Salt Lake to San Antone

7 May

Written Thursday May 5, 2011

Just 60 miles outside of San Antonio, Christine and I are nearing the close of our third day of travel. Tuesday saw us an appropriately awkward farewell from Provo. We were delayed by unforeseen bureaucracy from Christine’s university, which elongated our goodbyes. Goodbyes, in my opinion, are typically unpleasant by nature and therefore not something I care endure any longer than necessary. Prior to that my alarm came, of course, too soon into a morning after a night of expected anxious restlessness. Though intellectually I knew that I needed a good night’s rest over packing and re-packing my bag, preoccupation is a complex issue. And so I spent the night debating the vitality of each item to make its way into my bag of treasures again and again. Every time the size and weight seemed too much and the contents too few.

 

Equipment: 1 Video Camera, 1 Shotgun mic, 1 Lavalier mic, 1 Audio recorder, 1 Digital SLR with a 16-35mm lens, 1 35mm Film SLR with 2 lenses, 1 tripod, 1 home-built steady-cam, 25+ various batteries,  Too many chargers and cables, but each with a frustratingly unique purpose, A tiny photo/video editing computer, 2 portable hard drives, and a bundle of memory cards.

Personal Items: 1 bag of toiletries, 1 pair of shorts, 5 pairs of underwear, 7 pairs of socks, 4 shirts, 1 swimsuit, 1 small towel snatched from a ubiquitous cheap motel swimming pool, a sleeping bag, 3 books (one, a dictionary), and 1 map of Russia

On top of that I have the pair of pants, underwear, shirt, hoodie, and flip-flops I wore out the door.

 

Calling it a bag at this point seems to undermine the true function of this particular bag at this particular time. After all, given the full scope of contents and role, it feels more correct to call it my home; The only consistency until I step, timidly I imagine, back to the familiar soil, grass, carpet, and embraces of what I’ve left behind. My shelter. My space. My hope. All contained in this bag of a home…and I love it.

Wednesday was spent in the collage-cities of the Phoenix valley. It was encouraging to see that many of the half-built shopping centers, apartment buildings, and houses of 2007 are now newly finished or at least nearly so. Not so encouraging was the unusually high number of houses for sale, foreclosed, or abandoned per block just in driving around. In parallel, as one might expect, nearby shopping centers were similarly barren.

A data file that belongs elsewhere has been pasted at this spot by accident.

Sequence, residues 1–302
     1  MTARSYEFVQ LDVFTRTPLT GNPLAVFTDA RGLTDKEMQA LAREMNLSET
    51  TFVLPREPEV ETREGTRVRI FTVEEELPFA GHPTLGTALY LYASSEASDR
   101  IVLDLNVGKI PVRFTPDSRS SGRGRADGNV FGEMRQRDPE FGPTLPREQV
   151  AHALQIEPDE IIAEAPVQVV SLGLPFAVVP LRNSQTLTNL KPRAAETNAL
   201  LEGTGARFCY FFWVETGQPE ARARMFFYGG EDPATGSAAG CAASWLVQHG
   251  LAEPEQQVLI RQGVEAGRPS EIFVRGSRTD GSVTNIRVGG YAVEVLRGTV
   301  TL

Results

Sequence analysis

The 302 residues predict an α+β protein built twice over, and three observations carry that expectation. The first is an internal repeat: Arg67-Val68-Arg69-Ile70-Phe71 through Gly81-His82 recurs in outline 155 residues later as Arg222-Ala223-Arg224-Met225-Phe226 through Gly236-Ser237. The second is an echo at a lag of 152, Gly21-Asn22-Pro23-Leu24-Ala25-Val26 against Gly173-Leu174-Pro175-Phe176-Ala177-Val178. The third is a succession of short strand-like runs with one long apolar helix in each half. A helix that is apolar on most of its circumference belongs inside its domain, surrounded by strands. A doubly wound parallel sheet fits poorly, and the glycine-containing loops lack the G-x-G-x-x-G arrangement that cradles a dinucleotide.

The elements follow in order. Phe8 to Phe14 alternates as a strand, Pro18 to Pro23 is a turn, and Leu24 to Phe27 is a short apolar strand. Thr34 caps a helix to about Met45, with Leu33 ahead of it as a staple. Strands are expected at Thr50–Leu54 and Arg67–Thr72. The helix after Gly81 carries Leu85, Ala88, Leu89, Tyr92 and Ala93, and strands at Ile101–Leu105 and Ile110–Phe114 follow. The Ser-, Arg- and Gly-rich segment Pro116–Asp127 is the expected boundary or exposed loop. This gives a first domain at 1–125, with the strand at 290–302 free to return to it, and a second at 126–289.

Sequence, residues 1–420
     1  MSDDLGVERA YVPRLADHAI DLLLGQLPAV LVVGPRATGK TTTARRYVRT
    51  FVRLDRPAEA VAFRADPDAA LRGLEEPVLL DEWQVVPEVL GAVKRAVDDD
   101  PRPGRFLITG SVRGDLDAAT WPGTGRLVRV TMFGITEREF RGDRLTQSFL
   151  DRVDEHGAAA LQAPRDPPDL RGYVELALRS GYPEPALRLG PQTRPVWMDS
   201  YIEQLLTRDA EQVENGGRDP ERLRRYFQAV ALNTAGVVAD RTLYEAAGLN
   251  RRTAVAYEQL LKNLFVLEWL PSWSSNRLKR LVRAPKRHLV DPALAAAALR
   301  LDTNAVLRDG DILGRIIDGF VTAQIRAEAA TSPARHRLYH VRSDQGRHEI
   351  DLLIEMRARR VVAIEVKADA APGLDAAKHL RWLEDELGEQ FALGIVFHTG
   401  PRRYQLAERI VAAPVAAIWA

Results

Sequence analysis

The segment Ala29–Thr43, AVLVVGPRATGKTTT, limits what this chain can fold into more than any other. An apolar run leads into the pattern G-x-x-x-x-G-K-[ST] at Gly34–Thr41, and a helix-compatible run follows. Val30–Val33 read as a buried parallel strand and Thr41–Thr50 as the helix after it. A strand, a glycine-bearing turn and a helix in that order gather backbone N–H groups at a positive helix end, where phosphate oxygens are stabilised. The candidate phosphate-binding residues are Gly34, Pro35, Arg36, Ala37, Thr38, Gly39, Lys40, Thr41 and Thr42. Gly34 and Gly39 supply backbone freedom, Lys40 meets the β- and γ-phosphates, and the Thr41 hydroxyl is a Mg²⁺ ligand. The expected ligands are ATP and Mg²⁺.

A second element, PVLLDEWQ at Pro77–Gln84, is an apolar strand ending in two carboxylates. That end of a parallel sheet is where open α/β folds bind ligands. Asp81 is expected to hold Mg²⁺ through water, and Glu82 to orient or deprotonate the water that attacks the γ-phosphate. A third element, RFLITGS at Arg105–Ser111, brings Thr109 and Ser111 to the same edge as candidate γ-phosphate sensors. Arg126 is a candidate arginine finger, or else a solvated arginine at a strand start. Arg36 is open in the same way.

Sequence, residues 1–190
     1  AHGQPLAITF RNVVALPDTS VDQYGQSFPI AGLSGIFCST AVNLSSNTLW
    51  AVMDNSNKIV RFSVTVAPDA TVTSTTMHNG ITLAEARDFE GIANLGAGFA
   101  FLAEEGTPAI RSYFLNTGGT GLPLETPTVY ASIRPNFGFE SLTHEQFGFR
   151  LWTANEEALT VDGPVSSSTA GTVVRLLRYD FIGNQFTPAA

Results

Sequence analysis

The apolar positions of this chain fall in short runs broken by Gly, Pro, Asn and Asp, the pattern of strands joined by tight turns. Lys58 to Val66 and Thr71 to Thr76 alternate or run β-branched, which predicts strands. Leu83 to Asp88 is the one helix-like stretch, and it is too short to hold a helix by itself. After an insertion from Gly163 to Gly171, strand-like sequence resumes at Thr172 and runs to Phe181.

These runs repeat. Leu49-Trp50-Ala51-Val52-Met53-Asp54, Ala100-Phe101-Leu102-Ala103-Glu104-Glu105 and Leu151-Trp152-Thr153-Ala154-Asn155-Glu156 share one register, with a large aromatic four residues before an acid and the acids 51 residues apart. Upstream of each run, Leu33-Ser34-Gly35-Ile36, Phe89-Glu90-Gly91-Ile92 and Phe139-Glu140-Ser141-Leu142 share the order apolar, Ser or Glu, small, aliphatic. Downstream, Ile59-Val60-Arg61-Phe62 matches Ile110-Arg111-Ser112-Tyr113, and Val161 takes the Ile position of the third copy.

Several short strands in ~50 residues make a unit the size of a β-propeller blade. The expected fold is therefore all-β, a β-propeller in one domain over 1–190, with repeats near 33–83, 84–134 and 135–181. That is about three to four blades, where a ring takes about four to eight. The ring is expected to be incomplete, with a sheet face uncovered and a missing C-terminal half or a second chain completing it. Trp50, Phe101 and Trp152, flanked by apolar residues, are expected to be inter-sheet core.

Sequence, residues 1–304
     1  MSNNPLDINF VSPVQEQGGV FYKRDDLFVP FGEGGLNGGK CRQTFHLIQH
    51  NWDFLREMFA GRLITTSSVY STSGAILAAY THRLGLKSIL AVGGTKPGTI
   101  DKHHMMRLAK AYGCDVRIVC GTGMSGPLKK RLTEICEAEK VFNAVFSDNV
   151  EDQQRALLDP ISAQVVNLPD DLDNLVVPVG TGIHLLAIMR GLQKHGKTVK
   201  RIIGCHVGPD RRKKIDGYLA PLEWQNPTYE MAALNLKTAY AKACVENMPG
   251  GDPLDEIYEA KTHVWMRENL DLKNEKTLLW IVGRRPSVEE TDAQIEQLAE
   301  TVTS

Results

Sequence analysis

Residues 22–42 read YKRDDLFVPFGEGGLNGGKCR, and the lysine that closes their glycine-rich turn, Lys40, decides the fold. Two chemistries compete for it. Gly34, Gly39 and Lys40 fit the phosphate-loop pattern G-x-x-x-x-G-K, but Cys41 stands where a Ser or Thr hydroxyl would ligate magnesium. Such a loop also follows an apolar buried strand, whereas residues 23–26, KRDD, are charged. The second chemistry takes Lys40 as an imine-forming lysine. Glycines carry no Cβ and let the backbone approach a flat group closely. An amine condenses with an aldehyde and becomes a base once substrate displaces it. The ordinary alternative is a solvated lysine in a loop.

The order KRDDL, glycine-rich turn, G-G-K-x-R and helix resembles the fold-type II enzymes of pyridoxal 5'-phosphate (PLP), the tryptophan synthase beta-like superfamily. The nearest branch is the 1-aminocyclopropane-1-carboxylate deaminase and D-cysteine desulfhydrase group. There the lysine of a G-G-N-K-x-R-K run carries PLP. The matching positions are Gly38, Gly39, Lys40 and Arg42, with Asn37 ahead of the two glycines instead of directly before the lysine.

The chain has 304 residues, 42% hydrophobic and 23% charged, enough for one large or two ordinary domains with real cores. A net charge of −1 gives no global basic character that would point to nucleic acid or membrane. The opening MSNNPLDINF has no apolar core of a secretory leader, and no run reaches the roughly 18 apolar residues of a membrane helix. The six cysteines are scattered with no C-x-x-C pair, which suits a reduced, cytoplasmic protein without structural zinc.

I was shocked to find that the very shopping center mentioned as the “usual collection” where the northern intersection of the Loop-101 and the I-17 occurs to be one of these stricken former shop locals. The movie theater and a pair of restaurants made up the majority of still open businesses where once at least two dozen had been.

 

By recommendation, we also ventured out to some of the outskirt towns that had been hit particularly hard. One particularly bad vantage point contained an unobstructed view of at least 5 abandoned homes within a 360 degree view. Video of that later.

 

 

 

One shopping center we found was entirely devoid of businesses. It was in a good location right across the street from a reasonably sized neighborhood on the east side, some gas stations and a Lockheed aircraft facility of some sort across from the Goodyear Airport to the south. I’m curious about it’s utterly vacant state.

 

 

Anyhow. I am finishing this post a day and a half late for which I apologize. It is also late at night now and we have an early start tomorrow to procure a few last-minute items (such as a pair of shoes and a compression sack for my sleeping back because I ripped the last one). So I bid you all good night.

 

Tree

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